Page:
The World Health Organization and the United Nations Population Fund in collaboration with the
Key Centre for Women’s Health in Society, in the School of Population Health at the University of
Melbourne, Australia are pleased to present this joint publication of available evidence on the intricate
relationship between women’s mental and reproductive health. The review comprises the most recent
information on the ways in which mental health concerns intersect with women’s reproductive health.
The Member States in the WHO European Region met at the WHO European Ministerial
Conference on Mental Health in Helsinki in January 2005 to tackle one of
the major threats to the well-being of Europeans: the epidemic of psychosocial distress
and mental ill health. Thanks to the long-term investment and work of many actors
in many fora, it is now possible to state that mental health no longer belongs to the
area of shameful and unspeakable things. Instead, it has been brought to the centre of
the public health policy arena....
Mental health in scarce-resource settings has received considerable attention in the new millennium, in response to the growing evidence on the burden of mental disorders and their cost-effective treatments. The World Health Organization’s (WHO) World Health Report 2001, and The Lancet series on Global Mental Health in 2007, are two major initiatives that synthesised the evidence from these settings.
Mental health advocacy is a relatively new concept, developed with a view to reducing stigma and discrimination, and promoting the human rights of people with mental disorders. It consists of various actions aimed at changing the major structural and attitudinal barriers to achieving positive mental health outcomes in populations. This module draws attention to the importance of advocacy in mental health policy and service development. The roles of various mental health groups in advocacy are outlined.
As a long-standing advocate for understanding issues of cultural and ethnic
diversity, I have served as President of APA Division 45, Society for the
Psychological Study of Ethnic Minority Issues, and currently chair the
American Psychological Association’s Commission for the Recruitment,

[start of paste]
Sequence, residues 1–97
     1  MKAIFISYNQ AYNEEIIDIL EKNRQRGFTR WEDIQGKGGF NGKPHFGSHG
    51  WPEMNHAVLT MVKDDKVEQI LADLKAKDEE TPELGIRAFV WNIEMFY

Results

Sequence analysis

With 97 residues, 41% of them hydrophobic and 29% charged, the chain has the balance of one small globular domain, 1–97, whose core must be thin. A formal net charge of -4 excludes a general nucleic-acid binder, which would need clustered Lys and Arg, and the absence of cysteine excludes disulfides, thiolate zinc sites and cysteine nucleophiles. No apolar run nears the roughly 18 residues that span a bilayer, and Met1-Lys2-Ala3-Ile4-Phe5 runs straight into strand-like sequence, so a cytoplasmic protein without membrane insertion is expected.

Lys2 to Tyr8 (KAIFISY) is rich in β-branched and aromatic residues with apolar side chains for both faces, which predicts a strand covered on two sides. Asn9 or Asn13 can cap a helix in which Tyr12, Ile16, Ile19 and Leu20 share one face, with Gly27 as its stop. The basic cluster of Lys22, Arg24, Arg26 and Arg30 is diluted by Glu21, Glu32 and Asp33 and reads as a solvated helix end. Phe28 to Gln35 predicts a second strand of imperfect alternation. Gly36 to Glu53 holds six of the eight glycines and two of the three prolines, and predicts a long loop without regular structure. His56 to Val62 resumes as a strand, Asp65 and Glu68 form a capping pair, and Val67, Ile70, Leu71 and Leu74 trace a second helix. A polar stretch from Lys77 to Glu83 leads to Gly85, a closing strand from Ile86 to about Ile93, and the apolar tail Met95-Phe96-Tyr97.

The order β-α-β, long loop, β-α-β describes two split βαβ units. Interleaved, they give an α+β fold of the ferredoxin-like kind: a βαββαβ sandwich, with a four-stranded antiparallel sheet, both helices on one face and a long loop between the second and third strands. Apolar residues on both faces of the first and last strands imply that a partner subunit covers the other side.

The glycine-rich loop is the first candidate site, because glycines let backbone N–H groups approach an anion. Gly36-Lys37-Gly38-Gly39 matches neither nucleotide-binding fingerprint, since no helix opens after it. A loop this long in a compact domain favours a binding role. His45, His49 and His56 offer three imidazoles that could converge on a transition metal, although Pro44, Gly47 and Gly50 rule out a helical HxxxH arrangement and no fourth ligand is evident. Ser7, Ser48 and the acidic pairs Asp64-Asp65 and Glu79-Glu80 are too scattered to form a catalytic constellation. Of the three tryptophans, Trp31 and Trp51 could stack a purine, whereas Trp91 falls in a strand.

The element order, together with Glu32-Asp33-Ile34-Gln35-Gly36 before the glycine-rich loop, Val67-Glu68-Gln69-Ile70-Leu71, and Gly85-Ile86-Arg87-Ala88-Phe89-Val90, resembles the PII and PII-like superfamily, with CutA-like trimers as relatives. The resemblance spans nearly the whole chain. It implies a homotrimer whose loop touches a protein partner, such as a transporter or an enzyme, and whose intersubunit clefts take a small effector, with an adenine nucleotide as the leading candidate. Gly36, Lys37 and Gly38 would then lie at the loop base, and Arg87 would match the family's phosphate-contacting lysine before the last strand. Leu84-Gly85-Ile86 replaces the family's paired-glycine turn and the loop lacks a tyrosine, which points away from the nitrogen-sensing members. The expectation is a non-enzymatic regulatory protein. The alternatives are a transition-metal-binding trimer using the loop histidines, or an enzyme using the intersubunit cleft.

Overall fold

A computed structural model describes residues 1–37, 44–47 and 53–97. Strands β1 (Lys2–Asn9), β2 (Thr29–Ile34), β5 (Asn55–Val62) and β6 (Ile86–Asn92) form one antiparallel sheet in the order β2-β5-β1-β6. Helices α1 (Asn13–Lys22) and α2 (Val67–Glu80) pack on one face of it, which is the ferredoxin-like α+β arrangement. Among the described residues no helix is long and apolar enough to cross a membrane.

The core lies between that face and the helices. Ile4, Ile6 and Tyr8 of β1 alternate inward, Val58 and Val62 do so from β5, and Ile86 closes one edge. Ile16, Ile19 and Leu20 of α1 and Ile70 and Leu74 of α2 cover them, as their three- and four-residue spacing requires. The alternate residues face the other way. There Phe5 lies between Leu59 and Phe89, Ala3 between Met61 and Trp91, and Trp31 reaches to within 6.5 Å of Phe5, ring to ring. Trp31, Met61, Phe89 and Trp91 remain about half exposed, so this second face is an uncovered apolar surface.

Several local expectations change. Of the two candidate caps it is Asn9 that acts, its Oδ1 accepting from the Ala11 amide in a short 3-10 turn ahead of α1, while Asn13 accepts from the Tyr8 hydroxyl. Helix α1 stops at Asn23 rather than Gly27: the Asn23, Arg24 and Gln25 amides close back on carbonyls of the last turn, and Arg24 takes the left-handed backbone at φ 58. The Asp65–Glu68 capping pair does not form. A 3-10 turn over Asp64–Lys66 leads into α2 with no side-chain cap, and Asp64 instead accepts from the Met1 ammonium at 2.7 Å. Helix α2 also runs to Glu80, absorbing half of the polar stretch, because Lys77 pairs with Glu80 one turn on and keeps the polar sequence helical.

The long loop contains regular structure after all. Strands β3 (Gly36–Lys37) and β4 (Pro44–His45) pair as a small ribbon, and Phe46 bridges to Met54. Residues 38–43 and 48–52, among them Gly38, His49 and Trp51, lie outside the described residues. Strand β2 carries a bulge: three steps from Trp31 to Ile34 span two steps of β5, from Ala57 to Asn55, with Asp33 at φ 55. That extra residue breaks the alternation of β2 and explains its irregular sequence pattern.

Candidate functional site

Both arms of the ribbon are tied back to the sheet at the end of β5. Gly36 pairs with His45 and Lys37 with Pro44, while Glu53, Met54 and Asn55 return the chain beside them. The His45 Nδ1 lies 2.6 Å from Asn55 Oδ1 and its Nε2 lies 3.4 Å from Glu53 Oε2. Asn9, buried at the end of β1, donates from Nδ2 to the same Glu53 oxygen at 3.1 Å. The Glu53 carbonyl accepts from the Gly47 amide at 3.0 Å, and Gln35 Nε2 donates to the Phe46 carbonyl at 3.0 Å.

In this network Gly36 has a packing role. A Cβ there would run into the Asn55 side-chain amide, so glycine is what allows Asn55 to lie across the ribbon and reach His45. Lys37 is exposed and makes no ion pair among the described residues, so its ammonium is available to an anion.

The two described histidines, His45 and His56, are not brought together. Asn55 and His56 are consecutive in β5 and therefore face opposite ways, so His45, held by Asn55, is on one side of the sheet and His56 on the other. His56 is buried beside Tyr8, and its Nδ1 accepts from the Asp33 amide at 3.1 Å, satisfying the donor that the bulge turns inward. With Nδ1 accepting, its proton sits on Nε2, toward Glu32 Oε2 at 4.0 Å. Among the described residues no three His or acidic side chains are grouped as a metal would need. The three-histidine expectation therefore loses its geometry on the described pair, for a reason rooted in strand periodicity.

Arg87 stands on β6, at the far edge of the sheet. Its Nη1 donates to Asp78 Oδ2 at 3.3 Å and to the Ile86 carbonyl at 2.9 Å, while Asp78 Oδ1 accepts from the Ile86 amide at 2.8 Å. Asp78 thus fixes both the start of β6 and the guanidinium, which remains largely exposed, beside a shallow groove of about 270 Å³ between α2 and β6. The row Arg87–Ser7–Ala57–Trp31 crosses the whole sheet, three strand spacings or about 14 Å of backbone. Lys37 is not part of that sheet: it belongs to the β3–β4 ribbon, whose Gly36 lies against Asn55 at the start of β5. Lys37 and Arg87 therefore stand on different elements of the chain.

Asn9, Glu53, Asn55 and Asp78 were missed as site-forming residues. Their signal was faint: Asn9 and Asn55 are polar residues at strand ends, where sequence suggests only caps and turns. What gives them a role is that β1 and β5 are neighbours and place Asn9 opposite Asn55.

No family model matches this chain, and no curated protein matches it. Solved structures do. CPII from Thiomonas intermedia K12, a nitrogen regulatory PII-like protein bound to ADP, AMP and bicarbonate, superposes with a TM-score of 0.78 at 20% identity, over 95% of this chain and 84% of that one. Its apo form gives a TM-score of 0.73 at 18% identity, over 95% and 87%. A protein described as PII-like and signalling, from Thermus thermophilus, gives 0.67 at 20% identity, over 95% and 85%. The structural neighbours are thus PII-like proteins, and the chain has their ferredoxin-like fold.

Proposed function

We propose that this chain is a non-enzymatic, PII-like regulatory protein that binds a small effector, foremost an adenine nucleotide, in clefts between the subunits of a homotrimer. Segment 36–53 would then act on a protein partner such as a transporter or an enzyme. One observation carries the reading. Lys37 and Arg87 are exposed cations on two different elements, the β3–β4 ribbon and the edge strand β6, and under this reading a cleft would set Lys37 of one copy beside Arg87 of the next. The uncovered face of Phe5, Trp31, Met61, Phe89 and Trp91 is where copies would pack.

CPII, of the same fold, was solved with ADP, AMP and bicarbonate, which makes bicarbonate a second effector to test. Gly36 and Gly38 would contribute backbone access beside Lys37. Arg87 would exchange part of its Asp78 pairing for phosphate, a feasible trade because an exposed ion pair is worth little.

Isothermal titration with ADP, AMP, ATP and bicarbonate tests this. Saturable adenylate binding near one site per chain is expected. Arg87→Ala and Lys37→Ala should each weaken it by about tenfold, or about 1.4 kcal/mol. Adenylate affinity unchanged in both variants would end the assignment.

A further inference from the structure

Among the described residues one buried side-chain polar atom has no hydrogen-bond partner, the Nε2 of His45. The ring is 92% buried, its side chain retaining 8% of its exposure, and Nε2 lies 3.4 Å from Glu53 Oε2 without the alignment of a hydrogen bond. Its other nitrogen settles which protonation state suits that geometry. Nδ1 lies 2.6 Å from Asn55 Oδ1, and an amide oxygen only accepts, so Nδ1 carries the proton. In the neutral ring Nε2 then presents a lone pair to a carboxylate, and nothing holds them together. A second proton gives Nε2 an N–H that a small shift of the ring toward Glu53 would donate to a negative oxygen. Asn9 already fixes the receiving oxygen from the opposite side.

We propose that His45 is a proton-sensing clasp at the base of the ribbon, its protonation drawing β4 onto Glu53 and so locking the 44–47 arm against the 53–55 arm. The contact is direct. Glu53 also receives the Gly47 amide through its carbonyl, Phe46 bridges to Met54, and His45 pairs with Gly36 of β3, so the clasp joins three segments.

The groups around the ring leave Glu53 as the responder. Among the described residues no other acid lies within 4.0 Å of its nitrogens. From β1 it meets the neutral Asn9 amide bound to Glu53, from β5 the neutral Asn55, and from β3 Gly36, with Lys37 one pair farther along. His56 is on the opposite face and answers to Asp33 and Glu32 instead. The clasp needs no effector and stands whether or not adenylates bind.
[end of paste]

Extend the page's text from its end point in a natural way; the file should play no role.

Retention and Training of Ethnic Minorities implementation task force
(CEMRRAT2). Both of these organizations were instrumental in the approval
of the APA Multicultural Guidelines for Practice and the promotion of empirical
research addressing mental health issues of ethnic minority clinical populations.
It is a cause for celebration to be able to introduce this thought-provoking
book to a wider public. Each chapter is the tip of an iceberg of knowledge and
experience, perfectly replicating the sense of discovery of the original study
day that inspired the book.
The Social Perspectives Network (SPN) is a network open to anyone
who is interested in looking at mental distress in terms of people’s social
experience – how social factors may both contribute to people becoming distressed,
and play a crucial part in promoting their recovery.
If you have ever been asked by a client, family member, student, or policy maker, if
there is more to treatment for mental illness than just symptom reduction, this book is
for you. This question fi rst emerges from the idea that the pursuit of health is a common,
human goal, intrinsic to all individuals in all societies. This is not a new phenomenon.
However, there are certain groups who suffer greatly from the dual challenge of physical
illness and mental health conditions. In their case, health has been less of a goal and
more of a byproduct following treatment for distressing symptoms.
Tham khảo sách 'mental health policy and service guidance package: mental health policy, plans and programmes', y tế - sức khoẻ, y học thường thức phục vụ nhu cầu học tập, nghiên cứu và làm việc hiệu quả
Although poor mental health has often been correlated with poor